Nothing can prepare you for the physical, emotional, and spiritual challenge of having a child who is struggling with addiction. Substance use disorders affect the entire family because of the behavioral symptoms, which causes the loved ones of the sufferer to react. While there is currently no cure for substance use disorders, the disease can be put into remission with the right treatment. Since substance use disorders affect the entire family, it is important for you to seek help with your child is in rehab.
Tips for You and Your Family to Get Help While Your Child is in Rehab
1. Find a Support Group
There are many support groups for family members and friends of people who suffer from substance use disorder. Al-Anon and Nar-Anon are 12-Step Programs and the most well-known. SMART Recovery Friends and Family is a non-12-Step Program that is based on evidence-based therapy. Many communities also host various support groups.
2. Attend Family Workshops and Meetings at the Rehab
An effective rehab center understands the need for families to recover as well. On weekends, many rehabs will host many family workshops and meetings. Attending these workshops and meetings will help educate you and rebuild the relationship.
3. Get Educated
Contrary to what many people still believe, substance use disorders are legitimate diseases. They are not a sign of your failure as a parent or your child did not turn out to be a good person. Educating yourself on the disease will be your most powerful weapon against the disease.
4. Be Clear about Boundaries and Expectations
Enabling the addiction will not help you or your child. They will only lower his or her rock bottom. While they are in rehab, you will need to be clear about your boundaries and expectations. For example, a boundary for you may be if your child does not stay sober, get a job, and work a program, they cannot live with you.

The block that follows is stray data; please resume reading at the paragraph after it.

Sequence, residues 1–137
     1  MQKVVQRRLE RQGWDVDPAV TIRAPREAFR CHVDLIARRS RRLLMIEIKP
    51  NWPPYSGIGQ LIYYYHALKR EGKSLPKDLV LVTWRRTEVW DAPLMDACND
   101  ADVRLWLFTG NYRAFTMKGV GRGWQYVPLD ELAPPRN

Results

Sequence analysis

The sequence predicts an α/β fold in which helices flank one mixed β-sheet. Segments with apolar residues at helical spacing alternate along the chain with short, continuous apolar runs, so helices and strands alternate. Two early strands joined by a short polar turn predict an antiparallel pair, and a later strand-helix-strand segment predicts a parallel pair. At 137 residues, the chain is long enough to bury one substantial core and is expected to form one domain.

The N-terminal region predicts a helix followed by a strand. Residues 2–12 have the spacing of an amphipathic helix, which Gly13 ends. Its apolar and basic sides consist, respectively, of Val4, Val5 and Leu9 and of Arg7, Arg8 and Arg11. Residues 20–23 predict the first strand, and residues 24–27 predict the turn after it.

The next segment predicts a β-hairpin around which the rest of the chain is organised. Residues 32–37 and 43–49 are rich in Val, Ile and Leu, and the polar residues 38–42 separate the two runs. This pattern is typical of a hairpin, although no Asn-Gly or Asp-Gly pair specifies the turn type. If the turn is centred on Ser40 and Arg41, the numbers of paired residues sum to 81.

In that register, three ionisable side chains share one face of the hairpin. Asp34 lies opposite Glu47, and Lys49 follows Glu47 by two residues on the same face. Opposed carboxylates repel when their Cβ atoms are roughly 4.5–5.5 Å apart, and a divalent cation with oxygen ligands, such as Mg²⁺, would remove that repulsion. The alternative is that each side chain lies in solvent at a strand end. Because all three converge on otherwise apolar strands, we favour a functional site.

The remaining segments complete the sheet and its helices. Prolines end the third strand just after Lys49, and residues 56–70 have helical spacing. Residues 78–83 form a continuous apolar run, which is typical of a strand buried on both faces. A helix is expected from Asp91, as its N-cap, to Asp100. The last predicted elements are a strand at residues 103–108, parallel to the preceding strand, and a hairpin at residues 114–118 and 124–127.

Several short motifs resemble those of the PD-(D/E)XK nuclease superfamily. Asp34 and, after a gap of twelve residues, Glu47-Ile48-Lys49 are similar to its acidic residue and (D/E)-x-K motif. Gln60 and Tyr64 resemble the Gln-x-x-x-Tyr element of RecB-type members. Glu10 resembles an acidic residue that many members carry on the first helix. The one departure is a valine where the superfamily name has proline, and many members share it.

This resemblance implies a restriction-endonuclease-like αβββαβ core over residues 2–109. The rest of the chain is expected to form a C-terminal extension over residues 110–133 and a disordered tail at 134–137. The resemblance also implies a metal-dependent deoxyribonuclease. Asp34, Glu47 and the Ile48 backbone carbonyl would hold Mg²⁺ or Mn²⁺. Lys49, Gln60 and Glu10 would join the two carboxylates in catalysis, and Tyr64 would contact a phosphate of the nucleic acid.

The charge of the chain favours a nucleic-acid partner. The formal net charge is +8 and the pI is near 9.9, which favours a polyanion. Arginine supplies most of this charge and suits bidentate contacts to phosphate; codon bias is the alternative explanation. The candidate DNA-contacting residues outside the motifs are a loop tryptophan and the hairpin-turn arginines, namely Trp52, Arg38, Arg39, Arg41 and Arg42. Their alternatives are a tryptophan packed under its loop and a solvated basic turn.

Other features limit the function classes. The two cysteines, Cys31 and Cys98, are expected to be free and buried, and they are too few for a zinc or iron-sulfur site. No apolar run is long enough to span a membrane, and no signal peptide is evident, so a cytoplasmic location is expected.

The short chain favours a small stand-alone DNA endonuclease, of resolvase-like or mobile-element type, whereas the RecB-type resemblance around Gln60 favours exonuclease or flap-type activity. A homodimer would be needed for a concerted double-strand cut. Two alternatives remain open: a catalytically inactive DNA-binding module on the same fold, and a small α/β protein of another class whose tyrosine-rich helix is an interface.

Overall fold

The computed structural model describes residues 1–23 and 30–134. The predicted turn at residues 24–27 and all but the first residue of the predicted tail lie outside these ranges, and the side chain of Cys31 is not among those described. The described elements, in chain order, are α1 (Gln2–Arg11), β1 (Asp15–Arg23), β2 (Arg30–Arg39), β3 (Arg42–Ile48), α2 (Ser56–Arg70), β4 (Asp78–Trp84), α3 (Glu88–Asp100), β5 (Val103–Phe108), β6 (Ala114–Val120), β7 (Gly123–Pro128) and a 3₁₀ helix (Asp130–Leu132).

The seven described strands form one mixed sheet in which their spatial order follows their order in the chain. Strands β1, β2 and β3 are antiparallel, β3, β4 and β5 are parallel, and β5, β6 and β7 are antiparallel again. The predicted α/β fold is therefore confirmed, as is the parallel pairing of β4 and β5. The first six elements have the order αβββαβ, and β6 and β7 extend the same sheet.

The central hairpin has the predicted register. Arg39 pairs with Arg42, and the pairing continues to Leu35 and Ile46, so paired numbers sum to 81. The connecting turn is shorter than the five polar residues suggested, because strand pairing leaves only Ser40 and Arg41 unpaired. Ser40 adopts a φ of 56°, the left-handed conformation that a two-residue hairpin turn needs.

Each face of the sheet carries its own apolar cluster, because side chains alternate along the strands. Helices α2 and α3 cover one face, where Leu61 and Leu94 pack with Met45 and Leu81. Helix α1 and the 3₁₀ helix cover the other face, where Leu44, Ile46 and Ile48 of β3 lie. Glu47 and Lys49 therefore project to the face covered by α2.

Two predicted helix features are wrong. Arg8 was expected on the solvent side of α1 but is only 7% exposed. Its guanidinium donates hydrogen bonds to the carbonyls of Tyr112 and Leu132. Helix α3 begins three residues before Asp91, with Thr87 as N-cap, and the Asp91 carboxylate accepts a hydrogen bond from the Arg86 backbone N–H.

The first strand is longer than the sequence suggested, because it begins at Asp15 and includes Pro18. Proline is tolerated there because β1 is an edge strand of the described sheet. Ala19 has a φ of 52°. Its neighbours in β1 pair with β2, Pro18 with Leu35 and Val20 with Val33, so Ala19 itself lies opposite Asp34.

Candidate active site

5. Be Encouraging
While you may be resentful towards your child about their behavior during active addiction, it is important that you do not let that deter you from being encouraging towards your child about getting into recovery. Affirming your child will increase their motivation to stay sober and work their program.
6. Communicate with the Rest of the Family
While you may be set on getting support for yourself, being educated, setting boundaries, and affirming your child, you will need to make sure that the rest of the family is on the same page as you. While you can communicate with them, keep in mind you cannot make them believe or do anything.
7. Realize that You are Powerless Over the Disease
You did not cause the disease; you cannot control it; and you cannot cure it. Your child will be responsible for his or her own recovery, and the disease of addiction is a volatile one that often takes a life of its own. Realizing and accepting your powerlessness will save you from regret, disappointment, and the need to control.
8. Take Care of Yourself
Taking care of yourself is key. Since you are powerless over the disease and others, you cannot deplete yourself by trying to control and change others. You need to practice self-care and out a healthy distance between yourself and the situation.
Let it Begin With You
The most successful cases of recovery include the family members getting educated and seeking help for themselves. While you cannot change your child or the disease, you can change yourself, which will change the situation. Recovery is possible.